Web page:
If it’s the last weekly review of the month, I do some other things, like set up a new month in my paper journal, initialize a new monthly plan in Trello, change all my system passwords, etc.
My life is completely dependent upon GTD in general and OmniFocus specifically. I rely on the system so much that the habits I’ve described in this article are second nature and take virtually no time to practice during the capture and processing of my tasks. When I show my system to folks, they feel like it seems complicated. Once they watch me capture a task based on our conversation or make an adjustment to a project I’m tracking, they typically remark that it didn’t seem to take any time at all. The payoff for being organized really can’t be overstated.
OmniFocus is not cheap. I paid $80 for the Mac OS X version and another $40 for the iOS app. I also have access to my task lists through my Apple Watch, which I use far less than I thought I would when I bought it.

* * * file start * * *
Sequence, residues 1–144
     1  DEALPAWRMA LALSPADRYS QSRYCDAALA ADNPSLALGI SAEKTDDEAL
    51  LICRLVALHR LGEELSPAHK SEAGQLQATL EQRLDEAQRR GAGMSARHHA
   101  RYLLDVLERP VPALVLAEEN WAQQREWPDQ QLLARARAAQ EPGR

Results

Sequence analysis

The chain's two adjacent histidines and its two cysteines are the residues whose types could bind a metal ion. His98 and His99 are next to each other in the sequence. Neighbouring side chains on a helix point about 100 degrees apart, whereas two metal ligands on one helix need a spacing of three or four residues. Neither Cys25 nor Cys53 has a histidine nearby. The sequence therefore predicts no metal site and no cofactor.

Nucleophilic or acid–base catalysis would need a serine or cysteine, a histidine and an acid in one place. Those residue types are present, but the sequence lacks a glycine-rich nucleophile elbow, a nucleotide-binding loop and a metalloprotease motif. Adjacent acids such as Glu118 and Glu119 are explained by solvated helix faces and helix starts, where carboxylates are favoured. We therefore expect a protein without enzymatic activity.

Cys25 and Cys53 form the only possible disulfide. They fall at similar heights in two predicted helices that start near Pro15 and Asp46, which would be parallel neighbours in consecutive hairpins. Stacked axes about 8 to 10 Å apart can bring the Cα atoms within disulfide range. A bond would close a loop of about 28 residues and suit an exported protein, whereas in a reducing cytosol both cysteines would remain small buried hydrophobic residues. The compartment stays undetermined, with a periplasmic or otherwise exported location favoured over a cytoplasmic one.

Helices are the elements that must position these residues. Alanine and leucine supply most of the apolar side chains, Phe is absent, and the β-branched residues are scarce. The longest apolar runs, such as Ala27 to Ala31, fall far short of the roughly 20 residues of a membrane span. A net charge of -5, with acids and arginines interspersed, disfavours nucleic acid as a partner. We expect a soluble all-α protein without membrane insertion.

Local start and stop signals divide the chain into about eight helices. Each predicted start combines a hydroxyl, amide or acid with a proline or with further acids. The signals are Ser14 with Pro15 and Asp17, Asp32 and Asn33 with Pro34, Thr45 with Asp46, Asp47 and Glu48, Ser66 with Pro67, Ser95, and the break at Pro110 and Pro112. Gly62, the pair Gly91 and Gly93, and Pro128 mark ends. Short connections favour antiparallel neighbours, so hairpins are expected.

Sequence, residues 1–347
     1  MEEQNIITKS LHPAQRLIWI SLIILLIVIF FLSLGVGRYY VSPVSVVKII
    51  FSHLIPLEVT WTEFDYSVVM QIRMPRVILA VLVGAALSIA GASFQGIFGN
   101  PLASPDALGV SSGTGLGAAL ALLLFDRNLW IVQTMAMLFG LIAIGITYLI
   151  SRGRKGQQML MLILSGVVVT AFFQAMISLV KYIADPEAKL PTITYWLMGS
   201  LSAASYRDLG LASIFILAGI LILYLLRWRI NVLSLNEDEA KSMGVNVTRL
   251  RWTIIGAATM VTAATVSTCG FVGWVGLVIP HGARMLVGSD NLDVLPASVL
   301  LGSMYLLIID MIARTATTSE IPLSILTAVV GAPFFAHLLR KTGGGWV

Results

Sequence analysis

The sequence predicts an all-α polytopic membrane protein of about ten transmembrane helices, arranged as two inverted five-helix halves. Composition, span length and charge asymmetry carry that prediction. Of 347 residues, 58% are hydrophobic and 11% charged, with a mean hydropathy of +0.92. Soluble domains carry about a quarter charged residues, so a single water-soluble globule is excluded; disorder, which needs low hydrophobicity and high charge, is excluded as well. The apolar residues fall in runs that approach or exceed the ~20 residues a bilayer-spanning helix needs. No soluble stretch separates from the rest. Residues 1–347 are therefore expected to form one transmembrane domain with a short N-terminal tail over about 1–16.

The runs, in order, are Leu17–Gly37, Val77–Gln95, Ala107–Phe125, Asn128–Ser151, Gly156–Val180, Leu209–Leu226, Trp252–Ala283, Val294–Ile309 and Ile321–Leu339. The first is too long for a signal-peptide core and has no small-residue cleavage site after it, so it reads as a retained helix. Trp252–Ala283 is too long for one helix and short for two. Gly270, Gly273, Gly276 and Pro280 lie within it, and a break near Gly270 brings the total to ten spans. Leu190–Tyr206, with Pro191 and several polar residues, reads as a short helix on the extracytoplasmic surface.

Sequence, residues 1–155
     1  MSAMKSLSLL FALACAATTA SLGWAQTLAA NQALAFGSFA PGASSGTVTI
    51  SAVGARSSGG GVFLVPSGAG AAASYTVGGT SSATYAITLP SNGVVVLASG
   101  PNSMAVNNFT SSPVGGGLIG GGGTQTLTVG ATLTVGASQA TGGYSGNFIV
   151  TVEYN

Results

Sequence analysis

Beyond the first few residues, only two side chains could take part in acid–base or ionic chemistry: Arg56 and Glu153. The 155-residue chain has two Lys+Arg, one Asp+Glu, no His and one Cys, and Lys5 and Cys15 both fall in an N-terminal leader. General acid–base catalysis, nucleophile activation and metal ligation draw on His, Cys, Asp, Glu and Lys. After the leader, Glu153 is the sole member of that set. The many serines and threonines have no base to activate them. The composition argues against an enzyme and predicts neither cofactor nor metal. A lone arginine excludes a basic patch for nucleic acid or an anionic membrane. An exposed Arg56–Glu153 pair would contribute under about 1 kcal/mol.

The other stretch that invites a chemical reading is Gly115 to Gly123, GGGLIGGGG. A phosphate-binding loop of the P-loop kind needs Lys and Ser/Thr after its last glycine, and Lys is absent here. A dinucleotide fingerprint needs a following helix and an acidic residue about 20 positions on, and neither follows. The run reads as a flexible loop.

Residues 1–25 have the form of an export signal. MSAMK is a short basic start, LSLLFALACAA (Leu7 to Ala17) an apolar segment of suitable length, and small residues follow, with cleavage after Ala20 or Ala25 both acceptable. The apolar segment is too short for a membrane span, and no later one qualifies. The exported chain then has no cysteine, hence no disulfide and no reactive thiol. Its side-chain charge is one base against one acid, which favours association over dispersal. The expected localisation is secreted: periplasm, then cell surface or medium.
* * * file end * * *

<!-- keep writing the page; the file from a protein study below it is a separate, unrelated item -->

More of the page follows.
I avoided it for two primary reasons when I left Blackberry back in 2011. First, the OmniGroup only develops their software for Mac OS X and iOS; they’ve caught crap for this for as long as I can remember and it’s not likely to ever change. This was a show-stopper for me prior to buying my Mac since I was using BlackBerry (work mobile), Windows (home/work) and Android (personal mobile) platforms. I bought my MacBook Pro in 2012 and my company switched from BlackBerry to iPhone devices and this brought OmniFocus into play. I had heard great things about it and since I was leaving my current GTD system, I explored it again.
In the end, the cost is well worth it for a good system and this is the best one I’ve found yet. As I move closer to using Mac exclusively, I’m slowly adopting all of the Omnigroup products which include OmniOutliner (an outline/writing program), OmniPlan (replaces Microsoft Project) and OmniGraffle (replaces Microsoft Visio). I still have to use Windows for work (SQL Server Manager Studio, Power View in Excel, Minitab, etc. all require Windows) but I spend most of my time at home on my MacBook and whenever I get around to replacing my desktop workstation in a few years, that will almost certainly be a Mac also.
Brett Kelly: A Brief Tour of My Perspectives in OmniFocus 2
David Sparks (MacSparky): My OmniFocus Perspectives
Lee Garrett: How to Take OmniFocus to the Next Level (via Productivityist)
Joe Buhlig: The OmniFocus Dashboard